Pentagon Agrees To 6-Month Delay For Transgender Enlistments

Defense Secretary James Mattis approved a recommendation by the services to defer accessing transgender applicants into the military until January 1, 2018.

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Defense Secretary James Mattis has agreed to a request from military service chiefs for a six-month delay in allowing openly transgender people to enlist in the U.S. armed forces.

Dana White, a Pentagon spokesperson, said Mattis on Friday “approved a recommendation by the services to defer accessing transgender applicants into the military until Jan. 1, 2018.”

“The services will review their accession plans and provide input on the impact to the readiness and lethality of our forces,” White said.

Mattis agreed to the delay after the military service chiefs made a joint request for the delay in transgender accession, which was set to begin July 1 as a result of a policy change under the Obama administration.

Following a year-long review, former Defense Secretary Ashton Carter last year lifted the ban on transgender military service. That allowed transgender people serving in the U.S. armed forces to come out without fear of discharge, but certain aspects of the policy change were left for a later time. Among them was allowing openly transgender people to enlist in the U.S. military, which was set to begin July 1.

In a memo dated June 30 and obtained by the Washington Blade, Mattis lays out his concerns about transgender enlistments and whether they will impact the capabilities of the U.S. military.

“Since becoming Secretary of Defense, I have emphasized that the Department of Defense must measure each policy decision against one critical standard: will the decision affect the readiness and lethality of the armed forces?” Mattis writes. “Put another way, how will the decision affect the ability of America’s military forces to defend the Nation?”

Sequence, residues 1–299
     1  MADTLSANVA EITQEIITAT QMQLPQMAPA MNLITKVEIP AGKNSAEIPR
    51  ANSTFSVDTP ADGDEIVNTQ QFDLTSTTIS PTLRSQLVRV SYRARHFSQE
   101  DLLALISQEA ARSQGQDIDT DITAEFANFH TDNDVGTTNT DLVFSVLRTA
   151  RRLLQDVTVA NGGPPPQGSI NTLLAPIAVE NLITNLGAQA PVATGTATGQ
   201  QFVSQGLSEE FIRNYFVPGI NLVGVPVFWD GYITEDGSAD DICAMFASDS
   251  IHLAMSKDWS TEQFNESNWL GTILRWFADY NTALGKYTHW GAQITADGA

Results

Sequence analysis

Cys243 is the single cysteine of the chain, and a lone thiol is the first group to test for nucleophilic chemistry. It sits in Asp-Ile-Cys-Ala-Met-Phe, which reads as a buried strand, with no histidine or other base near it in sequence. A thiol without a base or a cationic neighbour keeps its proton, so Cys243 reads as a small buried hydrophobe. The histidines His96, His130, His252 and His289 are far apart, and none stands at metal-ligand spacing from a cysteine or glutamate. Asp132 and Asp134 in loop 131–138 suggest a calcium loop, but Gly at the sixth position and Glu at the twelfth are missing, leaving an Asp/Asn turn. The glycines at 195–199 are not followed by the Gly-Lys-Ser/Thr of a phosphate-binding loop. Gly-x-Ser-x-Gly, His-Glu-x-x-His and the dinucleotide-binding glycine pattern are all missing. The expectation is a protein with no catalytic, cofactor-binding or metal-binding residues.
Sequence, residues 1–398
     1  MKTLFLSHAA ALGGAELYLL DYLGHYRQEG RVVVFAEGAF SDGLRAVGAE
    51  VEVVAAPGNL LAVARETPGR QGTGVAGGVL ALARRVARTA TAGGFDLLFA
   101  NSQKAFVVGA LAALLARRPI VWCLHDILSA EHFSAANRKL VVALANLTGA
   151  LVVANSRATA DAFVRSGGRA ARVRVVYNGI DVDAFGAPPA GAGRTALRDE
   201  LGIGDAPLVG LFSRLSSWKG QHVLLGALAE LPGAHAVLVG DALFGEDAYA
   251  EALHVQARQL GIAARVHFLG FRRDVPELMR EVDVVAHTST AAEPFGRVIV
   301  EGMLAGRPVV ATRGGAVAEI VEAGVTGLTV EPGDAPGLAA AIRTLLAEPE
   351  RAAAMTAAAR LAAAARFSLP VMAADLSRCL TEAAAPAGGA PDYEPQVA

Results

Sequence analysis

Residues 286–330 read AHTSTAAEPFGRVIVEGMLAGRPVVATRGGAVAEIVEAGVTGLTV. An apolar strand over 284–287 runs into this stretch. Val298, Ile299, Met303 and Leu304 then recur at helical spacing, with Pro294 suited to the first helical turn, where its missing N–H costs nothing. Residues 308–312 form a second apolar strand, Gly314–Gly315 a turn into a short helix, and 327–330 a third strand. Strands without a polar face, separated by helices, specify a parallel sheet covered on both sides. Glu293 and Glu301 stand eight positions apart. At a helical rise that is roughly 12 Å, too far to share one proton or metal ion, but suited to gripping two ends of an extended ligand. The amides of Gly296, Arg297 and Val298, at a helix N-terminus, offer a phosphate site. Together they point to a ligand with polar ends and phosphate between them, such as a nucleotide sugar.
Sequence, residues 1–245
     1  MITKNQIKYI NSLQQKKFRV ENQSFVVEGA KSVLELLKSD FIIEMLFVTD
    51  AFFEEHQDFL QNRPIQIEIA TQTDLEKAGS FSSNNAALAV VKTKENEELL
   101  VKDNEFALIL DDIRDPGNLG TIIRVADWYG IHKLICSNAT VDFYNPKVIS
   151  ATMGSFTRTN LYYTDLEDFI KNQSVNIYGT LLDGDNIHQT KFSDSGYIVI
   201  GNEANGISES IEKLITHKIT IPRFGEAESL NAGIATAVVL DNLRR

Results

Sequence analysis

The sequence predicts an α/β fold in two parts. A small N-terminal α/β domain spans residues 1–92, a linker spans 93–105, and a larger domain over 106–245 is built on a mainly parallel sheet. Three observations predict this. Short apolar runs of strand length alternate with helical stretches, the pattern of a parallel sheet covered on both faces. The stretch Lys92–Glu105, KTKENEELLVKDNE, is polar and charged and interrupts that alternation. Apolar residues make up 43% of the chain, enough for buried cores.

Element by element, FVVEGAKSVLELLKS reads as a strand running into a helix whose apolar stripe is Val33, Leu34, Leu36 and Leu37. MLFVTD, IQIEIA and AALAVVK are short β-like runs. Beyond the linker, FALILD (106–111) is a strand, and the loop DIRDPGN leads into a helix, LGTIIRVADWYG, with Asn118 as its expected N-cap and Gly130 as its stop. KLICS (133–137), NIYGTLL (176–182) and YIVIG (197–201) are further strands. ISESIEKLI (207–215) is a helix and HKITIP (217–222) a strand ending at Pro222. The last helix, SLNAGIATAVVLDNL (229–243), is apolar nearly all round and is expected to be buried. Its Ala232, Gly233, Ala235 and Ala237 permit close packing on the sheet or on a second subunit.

Mattis writes the Pentagon will use the additional six months to “evaluate more carefully” the impact of transgender accession. The delay, Mattis writes, in “no way presupposes the outcome of review,” nor does it change policies already in place with regard to transgender service.

The defense secretary agreed to the change after Rep. Vicky Hartzler (R-Mo.) threatened to amend major defense policy legislation with an amendment barring transgender military service if the Pentagon didn’t act to reverse the Obama-era change internally.

Matthew Thorn, executive director of the LGBT military group OutServe-SLDN, criticized the decision to delay transgender enlistments as “a disservice to the transgender community and to our military as a whole.”

“We are disappointed that the Department of Defense has chosen to delay, by six months, implementation of the recruitment policy, thus denying qualified transgender individuals the opportunity to enlist, attend ROTC or enroll in one of the military academies,” Thorn said. “Transgender service members have been serving, openly and authentically, since October 2016 with no impact on readiness. It is time to full lift the ban on transgender service by implementing this final piece by implementing the accessions policy.”

In January, when asked about LGBT military service during his confirmation hearing, Mattis said he wouldn’t reverse changes to the U.S. military under the Obama administration “unless a service chief brings something to me where there’s a problem that’s been proven.” On “Don’t Ask, Don’t Tell” repeal, Mattis said he’s “never cared much about two consenting adults — who they go to bed with.”